> plants with legitimate medicinal and traditional uses.
> The CBD may also consider studying the fungus under its Agriculture
> Program, because of the fungi's impacts on pollinators and soil
> diversity - both specific responsibilities of the Convention.
> Governments may also request the CBD Executive Secretary to urgently
> convey the CBD's views to the United National Drug Control Programme
> (UNDCP), which has been - sometimes reluctantly - helping
> implementation of the US program.
> About the Sunshine Project
> The Sunshine Project is an international non-profit organization
> dedicated to bringing information to light on harmful abuses of
> biotechnology.  The Project has expert staff with training in law,
> policy, and biology with lengthy experience on policy issues.  The
> Project has offices in Hamburg, Germany and Seattle, USA.  For more
> information, visit our website ( or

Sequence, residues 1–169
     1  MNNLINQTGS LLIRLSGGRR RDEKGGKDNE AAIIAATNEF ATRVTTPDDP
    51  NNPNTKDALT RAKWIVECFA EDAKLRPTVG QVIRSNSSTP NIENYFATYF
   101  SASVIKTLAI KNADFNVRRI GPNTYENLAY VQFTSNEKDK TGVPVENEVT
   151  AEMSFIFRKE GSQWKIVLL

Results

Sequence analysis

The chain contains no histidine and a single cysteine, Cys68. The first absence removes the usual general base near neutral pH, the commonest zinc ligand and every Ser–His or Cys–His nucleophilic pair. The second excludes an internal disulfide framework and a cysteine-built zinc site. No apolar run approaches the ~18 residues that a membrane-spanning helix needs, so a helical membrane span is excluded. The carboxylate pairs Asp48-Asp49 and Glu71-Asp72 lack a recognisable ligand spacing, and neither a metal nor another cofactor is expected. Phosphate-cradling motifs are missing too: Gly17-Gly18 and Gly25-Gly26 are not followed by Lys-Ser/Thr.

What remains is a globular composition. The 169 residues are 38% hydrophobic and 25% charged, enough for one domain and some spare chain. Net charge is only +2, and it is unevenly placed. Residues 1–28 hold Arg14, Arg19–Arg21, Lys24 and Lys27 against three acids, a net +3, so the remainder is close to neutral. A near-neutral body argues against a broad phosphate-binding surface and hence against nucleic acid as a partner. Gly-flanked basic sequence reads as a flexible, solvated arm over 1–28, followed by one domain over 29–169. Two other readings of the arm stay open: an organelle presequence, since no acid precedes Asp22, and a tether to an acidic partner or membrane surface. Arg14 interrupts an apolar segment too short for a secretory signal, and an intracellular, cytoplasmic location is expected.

> contact us by telephone or e-mail.
> A copy of the Sunshine Project's report on Agent Green is available
> at our website or on request (
> European and Science Media
> Dr. Jan Van Aken
> Hamburg, Germany
> Tel: +49 40 431 88-001
> The Americas and Asia, Political Media
> Susana Pimiento or Edward Hammond
> Seattle, USA
> Tel: +1 206 633 3718
> Mark Ritchie, President
> Institute for Agriculture and Trade Policy
> 2105 First Ave. South
> Minneapolis, Minnesota 55404  USA
> 612-870-3400 (phone) 612-870-4846 (fax)
> cell phone 612-385-7921
> mritchie@...
> ___________________________________________________________